Obviously depends on where you are going, how much you need in spares and season, but 7+7 kg is a fair amount of kit.
    Tent 3Kg, sleeping bag & mat 3k, stove & pots 2 kg, spare socks & pants 6kg?
  • deswellerdesweller Posts: 5,271
    That's about right, so it's gonna be close.

    Unsupported solo tour in South America, so you're right; there's tools and spare parts to consider. It's not all cycling, so I will have to be careful about the non-cycling stuff too. I'm going to pack my ideal selection and cart it down to the local airport to verify; I don't trust my kitchen scales.
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  • MichaelWMichaelW Posts: 2,226
    15kg is about right for a med size touring bike.

    For my solo gear which is not ultralight:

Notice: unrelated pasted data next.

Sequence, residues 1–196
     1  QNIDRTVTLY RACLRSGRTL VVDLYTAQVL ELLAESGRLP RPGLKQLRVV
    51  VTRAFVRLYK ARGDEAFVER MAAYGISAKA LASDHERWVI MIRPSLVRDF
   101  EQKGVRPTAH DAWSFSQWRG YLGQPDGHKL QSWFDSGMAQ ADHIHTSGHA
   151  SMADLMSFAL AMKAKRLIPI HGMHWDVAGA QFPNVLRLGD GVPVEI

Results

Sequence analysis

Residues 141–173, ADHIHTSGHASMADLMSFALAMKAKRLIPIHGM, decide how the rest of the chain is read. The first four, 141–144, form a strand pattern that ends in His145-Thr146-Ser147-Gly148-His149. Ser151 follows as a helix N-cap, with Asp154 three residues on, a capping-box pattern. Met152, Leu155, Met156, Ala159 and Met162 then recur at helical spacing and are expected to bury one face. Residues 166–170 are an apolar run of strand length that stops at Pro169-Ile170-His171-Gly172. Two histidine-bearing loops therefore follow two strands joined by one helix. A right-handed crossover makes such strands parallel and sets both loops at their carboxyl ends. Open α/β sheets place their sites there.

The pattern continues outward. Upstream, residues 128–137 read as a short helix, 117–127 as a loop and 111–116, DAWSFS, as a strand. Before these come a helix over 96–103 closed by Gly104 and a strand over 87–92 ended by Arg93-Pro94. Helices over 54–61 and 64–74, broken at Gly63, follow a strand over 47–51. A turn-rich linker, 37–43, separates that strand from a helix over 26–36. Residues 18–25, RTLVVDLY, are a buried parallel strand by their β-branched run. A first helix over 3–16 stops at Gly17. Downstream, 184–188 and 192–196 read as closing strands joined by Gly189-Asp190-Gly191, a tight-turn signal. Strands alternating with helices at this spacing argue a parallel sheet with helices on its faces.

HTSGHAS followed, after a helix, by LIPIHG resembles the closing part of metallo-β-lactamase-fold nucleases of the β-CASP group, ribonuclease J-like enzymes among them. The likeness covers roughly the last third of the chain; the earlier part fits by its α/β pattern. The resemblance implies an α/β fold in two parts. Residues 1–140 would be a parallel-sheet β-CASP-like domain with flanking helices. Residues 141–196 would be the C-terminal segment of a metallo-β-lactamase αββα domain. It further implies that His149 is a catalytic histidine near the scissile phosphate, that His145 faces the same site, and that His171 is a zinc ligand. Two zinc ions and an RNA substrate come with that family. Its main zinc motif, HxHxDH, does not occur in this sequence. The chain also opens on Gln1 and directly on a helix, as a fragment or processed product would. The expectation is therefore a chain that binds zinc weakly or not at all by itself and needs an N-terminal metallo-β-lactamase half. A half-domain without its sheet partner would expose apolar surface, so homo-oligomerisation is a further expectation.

Solo tent 1500g , bag + Mat 2000g, Trangia 27 stove : 720g

    Bags can take up lots of weight.
    I suggest you wear most of your clothes, carry a jacket with big pockets and fill them with heavy stuff that is cabin-legal.
  • HoopdriverHoopdriver Posts: 2,023
    And don't forget that out of that 14kg you will beed to deduct the weight of whatever case or box you use to ship the bike...
  • deswellerdesweller Posts: 5,271
    Yep. I'm vacillating between a CTC bike bag, which is transparent, cheap and probably fairly light, and a Duffbag Monster, which is huge (and heavy; ~2kg). I like the idea of the CTC bag as the baggage handlers are probably less likely to chuck the bike around with such abandon if they can see what it is! The Duffbag is impressively tough though.